New Words For A New World

In a recent article concerning the 2010 first quarter sales of music at retail and online the following was written:

“In examining where album sales occur, the chain category — which includes Best Buy, Borders and Trans World — suffered a 33.8% decline to 19 million units in the first quarter as compared to the 28.7 million in scans that category accounted for in the first quarter of 2009.

Also experiencing shrinking market share, mass merchants like Walmart and Target declined 4.1% to 27.7 million, from the 28.7 million units that category scanned in the first quarter of 2009.

On the plus side, non-traditional — which includes iTunes, Amazon, QVC and concert hall sales — grew 13.3% to 28.7millon, from the 25.5 million units that category scanned in the corresponding period of 2009.”

My question is, when will we as an industry stop referring to the later category as non-traditional?  What is so non-traditional about it?  Who thinks iTunes in not a conventional way of selling music?  Obviously they do not sell hard product, but are we still trying to discount digital sales and double down on the CD?  The outlets refereed to as “non-traditional” are selling just as much as the mass merchants and are killing the chain stores.  Who’s non-traditional now?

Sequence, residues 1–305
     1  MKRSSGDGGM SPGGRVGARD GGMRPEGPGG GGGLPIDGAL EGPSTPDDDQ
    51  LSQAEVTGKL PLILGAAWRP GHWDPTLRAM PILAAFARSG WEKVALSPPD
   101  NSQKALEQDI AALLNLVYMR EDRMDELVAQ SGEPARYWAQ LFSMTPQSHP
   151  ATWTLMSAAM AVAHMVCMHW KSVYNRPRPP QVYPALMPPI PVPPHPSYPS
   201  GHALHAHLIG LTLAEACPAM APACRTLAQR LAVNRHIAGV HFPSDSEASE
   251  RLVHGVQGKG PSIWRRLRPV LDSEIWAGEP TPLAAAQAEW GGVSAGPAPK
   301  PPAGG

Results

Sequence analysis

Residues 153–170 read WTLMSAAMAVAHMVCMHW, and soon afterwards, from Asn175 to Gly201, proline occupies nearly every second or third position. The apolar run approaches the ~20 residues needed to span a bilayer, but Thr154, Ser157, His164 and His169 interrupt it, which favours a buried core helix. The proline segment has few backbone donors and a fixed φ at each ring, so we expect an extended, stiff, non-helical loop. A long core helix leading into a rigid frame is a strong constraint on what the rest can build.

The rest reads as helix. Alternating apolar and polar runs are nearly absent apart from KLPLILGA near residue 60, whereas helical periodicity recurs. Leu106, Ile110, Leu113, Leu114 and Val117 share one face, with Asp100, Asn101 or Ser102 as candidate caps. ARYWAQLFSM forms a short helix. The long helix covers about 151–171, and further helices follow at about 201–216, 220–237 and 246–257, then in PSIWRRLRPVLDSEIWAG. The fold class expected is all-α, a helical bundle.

How about we rid of the labels?  No, not THOSE labels, I mean the tendency to put retail sales stats into categories of importance.  Our entire industry could use a scrub of using the term non-traditional about anything because it’s all in flux and in play.  It doesn’t do us any good whatsoever.

Sometimes you start believing the words you hear, use, and repeat.  Maybe its finally time to use the right words for a new world.

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2 Responses to New Words For A New World

  1. Roger Ellington says:


    I couldn’t agree more with your assessment. I’ve been working in digital music marketing since 2006. Throughout that time period, I’ve been referred to as Interactive, New Media, and Non-Traditional and a few other things I can’t even mention here. All of these terms mean nothing except to prove that you are misunderstood. Some might say this is a petty argument to make or claim that it’s just words, but I tend to think otherwise. It’s actually a symptom of a much larger problem, which is the music industry’s fear of change, or even worse… their inability to adapt in a relevant timeframe. The fact that it was called Non-Trad to begin with is evidence of a lack of vision. Keep up the good work. I always enjoy your posts.


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